Markets have found some comfort from Emmanuel Macron’s strong showing in the first round of the French presidential election as his success represents a buffer against the forces of populism and protectionism.
However, it is an indicator of the sorry state of European politics that the hard-right being forced into a mere second place represents a triumph.
Marine Le Pen has defeated the mainstream parties of the right and left and will now go head to head with Macron. That she should get this far will serve as a reminder to EU leaders, as if they need it, that all is not well in the countries of Europe.
Taking Le Pen’s share of the first round vote with that of far-left Melenchon and it’s clear that nearly 40 per cent of French voters want to fundamentally change the country’s relationship with the EU.
The French vote provides just the latest indication of an ongoing and global challenge to the established economic order – and it’s a change being reflected at the highest levels of international policy-making. Last month the G20 dropped an historic commitment to resist the forces of protectionism.
At the time, Germany’s Wolfgang Schauble conceded that the world’s largest economies were “unable to force partners to go along with wording with which they don’t agree”.
Now the IMF has followed suit – ditching its own pledge to oppose protectionist forces in a communique issued after its spring meeting in Washington. The group’s steering committee maintained that all member countries were “aligned” on the need for free trade, but the changing language of these international statements tells a different story.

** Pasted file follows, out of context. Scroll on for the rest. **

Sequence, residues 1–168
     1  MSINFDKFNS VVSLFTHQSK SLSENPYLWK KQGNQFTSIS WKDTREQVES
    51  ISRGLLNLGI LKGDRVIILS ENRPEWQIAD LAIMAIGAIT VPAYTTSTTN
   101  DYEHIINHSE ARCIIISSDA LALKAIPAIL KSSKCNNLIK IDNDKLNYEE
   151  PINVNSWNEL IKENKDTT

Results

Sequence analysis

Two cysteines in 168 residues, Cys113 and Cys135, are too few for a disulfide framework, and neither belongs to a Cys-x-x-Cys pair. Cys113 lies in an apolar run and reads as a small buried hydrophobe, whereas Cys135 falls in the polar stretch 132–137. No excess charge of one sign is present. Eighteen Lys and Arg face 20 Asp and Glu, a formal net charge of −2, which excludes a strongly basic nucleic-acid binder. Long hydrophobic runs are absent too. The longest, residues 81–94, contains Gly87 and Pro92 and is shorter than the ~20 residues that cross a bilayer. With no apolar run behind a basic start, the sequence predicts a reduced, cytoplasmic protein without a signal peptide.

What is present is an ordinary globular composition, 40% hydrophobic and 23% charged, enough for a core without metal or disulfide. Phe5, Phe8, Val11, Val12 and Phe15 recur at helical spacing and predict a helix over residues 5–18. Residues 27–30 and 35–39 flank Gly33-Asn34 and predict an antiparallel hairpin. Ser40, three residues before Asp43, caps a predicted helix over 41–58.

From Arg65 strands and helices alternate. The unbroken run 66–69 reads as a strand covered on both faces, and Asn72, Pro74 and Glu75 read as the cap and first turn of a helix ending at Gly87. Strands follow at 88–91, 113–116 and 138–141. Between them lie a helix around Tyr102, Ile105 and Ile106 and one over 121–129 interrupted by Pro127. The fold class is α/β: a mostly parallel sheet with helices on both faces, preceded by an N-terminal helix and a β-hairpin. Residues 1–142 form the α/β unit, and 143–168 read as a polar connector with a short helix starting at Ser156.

The IMF recognises that a growing appetite for protectionism, spearheaded by the new US administration and supported by an increasing share of Europe’s electorate, poses a threat to global growth. This is the mood music that will play as the UK negotiates its post-Brexit settlement.
Theresa May says she wants a global, outward-looking UK. If she can successfully pursue such a course she could buck the trend taking hold elsewhere and confound the critics of Brexit who see it as an insular and regressive step.
What’s clear is that advocates of the liberal world order face challenging times, no matter how much relief Macron’s lead currently provides.